An uncertain global economic environment has me seeking out some of the best non-cyclicals out there, which is why I'm interested in ProvidentFinancial (LSE: PFG) in March. Provident is a subprime lender that works with the millions of Britons who are unserved by mainstream lenders due to low credit scores, no credit scores or low incomes. Truth be told, the economic situation of many of these customers is unchanged whether unemployment is at 4% or 10%, which means Provident can be reasonably assured of steady returns even during dramatic economic downturns.
This was clear during 2007/09 when Provident was able to maintain return on equity (RoE) from 45%-46% annually. And a conservative outlook to business means a healthy balance sheet with low leverage and a well-covered 4.35% yielding dividend covered 1.35 times by earnings. Consider me interested.
Experian(LSE: EXPN) is in a similar position. The global credit check provider enjoys reliable revenue growth throughout the economic cycle as consumers are always applying for credit cards, mortgages, student loans and more. And Experian, as the biggest provider in a sector with high barrier to entry for competitors, is a safe choice with its dominant position all but assured.
The company also has enviable growth prospects thanks to exposure to Brazil, its biggest market behind the US and UK. The reliability of revenue from credit checks is obvious in the last quarter as Experian recorded 8% year-on-year sales growth in Brazil despite the economic downturn there.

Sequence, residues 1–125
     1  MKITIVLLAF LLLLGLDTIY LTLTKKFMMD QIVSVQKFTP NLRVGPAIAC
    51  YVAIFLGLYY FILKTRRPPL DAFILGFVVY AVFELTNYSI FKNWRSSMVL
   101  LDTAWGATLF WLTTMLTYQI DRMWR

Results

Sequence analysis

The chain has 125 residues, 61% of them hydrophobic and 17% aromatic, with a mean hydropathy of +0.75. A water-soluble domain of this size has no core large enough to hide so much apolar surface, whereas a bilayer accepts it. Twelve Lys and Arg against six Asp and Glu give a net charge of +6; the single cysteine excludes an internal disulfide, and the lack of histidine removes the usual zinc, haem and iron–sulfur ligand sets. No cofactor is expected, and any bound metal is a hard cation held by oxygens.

And now for the bad news
But here are two highly cyclical business that have enjoyed what I believe is a premature bump to share prices following Trump's election victory in America. That's why the two FTSE 100 firms I'd flee in March are Barclays (LSE: BARC) and Intercontinental Hotels Groups (LSE: IHG).
Barclays shares have risen 28% since November on analysts predicting a rollback of financial regulations, a cut to US corporate tax rates and an infrastructure stimulus programme that could spur enormous growth for banks with high US exposure.
Barclays does indeed have high exposure to the US through Barclaycard credit cards and its transatlantic investment bank, but I still don't think its time to buy the troubled lender. For one, returns from the group's enormous investment bank still lag their cost of capital. Low returns from the investment bank together with the £44bn in bad assets on the books kept RoE in the nine months to September at a meagre 4.4%. Profits and dividends both heading in the wrong direction together with the cyclical nature of the business will keep me away from Barclays for now.
IHG, which owns Holiday Inn among other globe-spanning brands, has performed wonderfully since the end of the Financial Crisis. Management's decision to sell directly owned hotels to franchisees ensures stable revenue streams and an asset-light business model that can return wads of cash to shareholders.
Unfortunately, we may be reaching a peak in the economic cycle, which is bad news for hotels highly dependent on business and leisure travel alike. IHG's revenue per room, the key industry metric, was only up 1.3% year-on-year in Q2. This, together with a rapidly growing supply of rooms worldwide, leads me to believe it may be downhill from here for the stock if the global economy maintains sluggish growth.
Are you equally averse to highly cyclical stocks?
Ian Pierce has no position in any shares mentioned. The Motley Fool UK has recommended Barclays. We Fools don't all hold the same opinions, but we all believe that considering a diverse range of insights makes us better investors.